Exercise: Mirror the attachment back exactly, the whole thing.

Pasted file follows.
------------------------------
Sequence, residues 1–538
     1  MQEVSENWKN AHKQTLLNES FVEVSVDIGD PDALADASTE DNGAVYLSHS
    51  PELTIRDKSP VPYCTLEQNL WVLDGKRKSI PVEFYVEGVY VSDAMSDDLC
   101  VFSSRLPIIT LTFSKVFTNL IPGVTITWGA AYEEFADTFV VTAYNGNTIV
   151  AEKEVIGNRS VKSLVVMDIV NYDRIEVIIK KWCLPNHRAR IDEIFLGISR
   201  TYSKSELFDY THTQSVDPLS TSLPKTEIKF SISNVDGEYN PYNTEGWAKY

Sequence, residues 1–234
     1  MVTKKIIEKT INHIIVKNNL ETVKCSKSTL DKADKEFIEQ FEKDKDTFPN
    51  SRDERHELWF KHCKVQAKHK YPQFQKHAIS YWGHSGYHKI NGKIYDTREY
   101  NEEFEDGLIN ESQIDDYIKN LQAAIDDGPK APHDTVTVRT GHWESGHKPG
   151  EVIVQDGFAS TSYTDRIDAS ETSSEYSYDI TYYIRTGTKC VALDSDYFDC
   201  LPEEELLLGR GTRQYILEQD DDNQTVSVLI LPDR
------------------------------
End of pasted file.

Sequence, residues 1–538
     1  MQEVSENWKN AHKQTLLNES FVEVSVDIGD PDALADASTE DNGAVYLSHS
    51  PELTIRDKSP VPYCTLEQNL WVLDGKRKSI PVEFYVEGVY VSDAMSDDLC
   101  VFSSRLPIIT LTFSKVFTNL IPGVTITWGA AYEEFADTFV VTAYNGNTIV
   151  AEKEVIGNRS VKSLVVMDIV NYDRIEVIIK KWCLPNHRAR IDEIFLGISR
   201  TYSKSELFDY THTQSVDPLS TSLPKTEIKF SISNVDGEYN PYNTEGWAKY

Sequence, residues 1–234
     1  MVTKKIIEKT INHIIVKNNL ETVKCSKSTL DKADKEFIEQ FEKDKDTFPN
    51  SRDERHELWF KHCKVQAKHK YPQFQKHAIS YWGHSGYHKI NGKIYDTREY
   101  NEEFEDGLIN ESQIDDYIKN LQAAIDDGPK APHDTVTVRT GHWESGHKPG
   151  EVIVQDGFAS TSYTDRIDAS ETSSEYSYDI TYYIRTGTKC VALDSDYFDC
   201  LPEEELLLGR GTRQYILEQD DDNQTVSVLI LPDR